Other Sellers on Amazon
+ $3.99 shipping
Customers Who Viewed This Item Also Viewed
Top Customer Reviews
Many reviewers said it's overly dark. Yep. Jazz musicians spend most of their time in dark smoke-filled nightclubs. So does BIRD. This is a great MOOD PIECE. It could also be called FILM NOIR.
Many said it doesn't establish why Charlie Parker was one of the greats of Jazz. In one particularly brilliant scene of writing in this film, Parker is talking about himself and the legend of BIRD to Red Rodney, partner in Jazz and fellow heroin addict. He talks about "going inside the melody" of Cherokee, a song he had played many times and was tired of doing. Parker decides to go around the melody with little notes and discovers his style. Thus, a whole new form of music called Be Bop is born. A superb scene.
Many reviewers said it dwelt too heavily on the negative aspects of Parker's drug abuse. This is true. However, heroin played a significant part in early Jazz music in this country. Heavily significant. A majority of the best and brightest Jazz stars were plagued by addiction for many years. Read Miles Davis' autobiography. He lists them all. Eastwood recognizes this in a scene where Parker is in Paris and is debating whether to return to the States. A fellow sideman is trying convince him to stay in France where he can make a decent living. SIDEMAN: "You can't make no living playing Jazz in the States." BIRD: "Dizz can. Duke can." SIDEMAN: "Well you ain't Dizz. And you certainly ain't Duke." BIRD: "So I kick." The Sideman laughs uproariously. BIRD: "I can kick." The Sideman laughs harder.Read more ›
Charlie Parker was a tortured soul whose musicianship was so powerful that he was able to teach himself a virtuoso style of playing jazz alto saxophone that has influenced nearly every alto-sax player since. Certainly, anyone with pretensions to playing bebop jazz. The film captures his difficult beginnings, his powerful rise and artistry, his terrible drug addictions (and how this also provided an unfortunate influence on others), and his early, far too early, death.
There is the sound of his playing throughout the movie, but it is in short snippets. We get more over the closing credits. But we get enough to remember what is special and unique about his playing. Everyone talks about his speed and harmonic variety. All that is there, certainly. However, there is also so much in Parker's commitment to what he is singing through his horn that allows us to feel the music in a way that was unique to him. Without that ability to reach into the heart of an audience, no amount of virtuosity can keep an audience for generations. Parker is still winning new fans every day and that is his greatest legacy. This film is a nice tribute to him. It is just so sad that he got onto such a self destructive path and the only way off for him was to die at 34.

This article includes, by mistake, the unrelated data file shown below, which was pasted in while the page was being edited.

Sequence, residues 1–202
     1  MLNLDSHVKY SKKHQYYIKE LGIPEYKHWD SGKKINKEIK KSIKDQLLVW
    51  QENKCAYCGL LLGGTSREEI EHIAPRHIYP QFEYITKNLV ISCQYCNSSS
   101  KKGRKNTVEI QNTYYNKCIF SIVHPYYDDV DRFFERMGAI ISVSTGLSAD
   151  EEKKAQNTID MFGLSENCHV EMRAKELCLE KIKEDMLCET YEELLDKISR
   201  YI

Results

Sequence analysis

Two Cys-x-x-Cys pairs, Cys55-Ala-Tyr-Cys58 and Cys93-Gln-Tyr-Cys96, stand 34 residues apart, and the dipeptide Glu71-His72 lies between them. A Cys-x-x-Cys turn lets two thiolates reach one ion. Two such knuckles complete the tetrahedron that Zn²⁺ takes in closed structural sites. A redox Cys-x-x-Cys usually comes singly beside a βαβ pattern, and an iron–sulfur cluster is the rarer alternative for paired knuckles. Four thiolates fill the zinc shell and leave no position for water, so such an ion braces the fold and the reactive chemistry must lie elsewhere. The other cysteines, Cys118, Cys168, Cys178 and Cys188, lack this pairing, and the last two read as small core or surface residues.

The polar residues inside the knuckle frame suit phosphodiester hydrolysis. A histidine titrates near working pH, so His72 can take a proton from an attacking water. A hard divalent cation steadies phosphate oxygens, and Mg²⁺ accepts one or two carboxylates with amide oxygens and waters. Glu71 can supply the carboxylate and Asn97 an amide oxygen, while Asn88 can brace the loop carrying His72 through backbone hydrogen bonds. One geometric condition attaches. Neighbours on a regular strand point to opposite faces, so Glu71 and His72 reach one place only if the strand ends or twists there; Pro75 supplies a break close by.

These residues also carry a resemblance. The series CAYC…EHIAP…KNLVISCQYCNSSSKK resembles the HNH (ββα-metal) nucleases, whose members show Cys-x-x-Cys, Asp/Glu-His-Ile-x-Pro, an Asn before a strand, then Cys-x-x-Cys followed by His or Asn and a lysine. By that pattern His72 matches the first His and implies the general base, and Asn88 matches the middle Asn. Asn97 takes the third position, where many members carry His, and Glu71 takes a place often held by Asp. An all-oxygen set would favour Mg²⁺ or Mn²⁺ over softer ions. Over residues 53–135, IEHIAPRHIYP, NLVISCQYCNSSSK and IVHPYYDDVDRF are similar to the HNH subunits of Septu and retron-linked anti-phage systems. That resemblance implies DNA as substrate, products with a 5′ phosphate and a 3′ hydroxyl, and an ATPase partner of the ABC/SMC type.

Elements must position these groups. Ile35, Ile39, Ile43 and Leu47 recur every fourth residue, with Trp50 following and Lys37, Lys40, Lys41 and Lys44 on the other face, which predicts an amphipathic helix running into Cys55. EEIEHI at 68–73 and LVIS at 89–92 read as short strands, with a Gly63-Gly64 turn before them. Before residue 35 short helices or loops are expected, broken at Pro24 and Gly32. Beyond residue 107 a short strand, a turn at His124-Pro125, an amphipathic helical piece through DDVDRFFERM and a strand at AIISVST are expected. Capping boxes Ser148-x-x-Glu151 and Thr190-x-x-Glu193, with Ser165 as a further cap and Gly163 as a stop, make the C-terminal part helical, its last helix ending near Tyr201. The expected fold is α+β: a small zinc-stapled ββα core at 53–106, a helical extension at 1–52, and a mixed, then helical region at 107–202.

Forrest Whitaker played a superb role (the best of his career to date) with this acting . The photography ; the shot angles , the painful script which never falls in the melodrama soap . Eastwood reveals with a supreme maestry his masterful technique as atmosphere creator . Since he was obviously a hard fan of Parker , he left for the eternity this deep insight to the emotional mood of Charlie who died so young (34) and whose early loss still shocks the world jazz . Can you imagine the glorious solo between Bird and Miles Davis for instance with Bill Evans at the piano? . Too beauty to be true , indeed .
Thanks Mr . Eastwood for your double rendition ; to Jazz world and the Cinema .
It is useless to recommend the soundtrack of that film .
Do you know another Laura version which can match with this one ?
Most Recent Customer Reviews
He's the greatest! So cool getting a glimpse into what his life was like.Published 27 days ago by Adam
Amazing movie and music: you can't beat Bird. Powerful ending. Highly recommended!Published 2 months ago by Carlos A.
Great film. A "must have" if you're a jazz fan. Great acting and Clint Eastwood really did a good job on this. Read morePublished 2 months ago by davequ
I'm not sure where Clint Eastwood was while this movie was being shot and edited, but it's hard to believe he was paying his usual close attention. Read morePublished 3 months ago by J. L. Troise
As an educator this film highlights the trials and tribulations of being a 'cutting edge musician' caught between the gauntlet of life and a divided social
structure. Read more
I was disappointed, as I usually like Clint Eastwood pictures. This focussed too much on Bird's addiction and personal problems, and not enough on the music.Published 3 months ago by John T. Kissel
Look for Similar Items by Category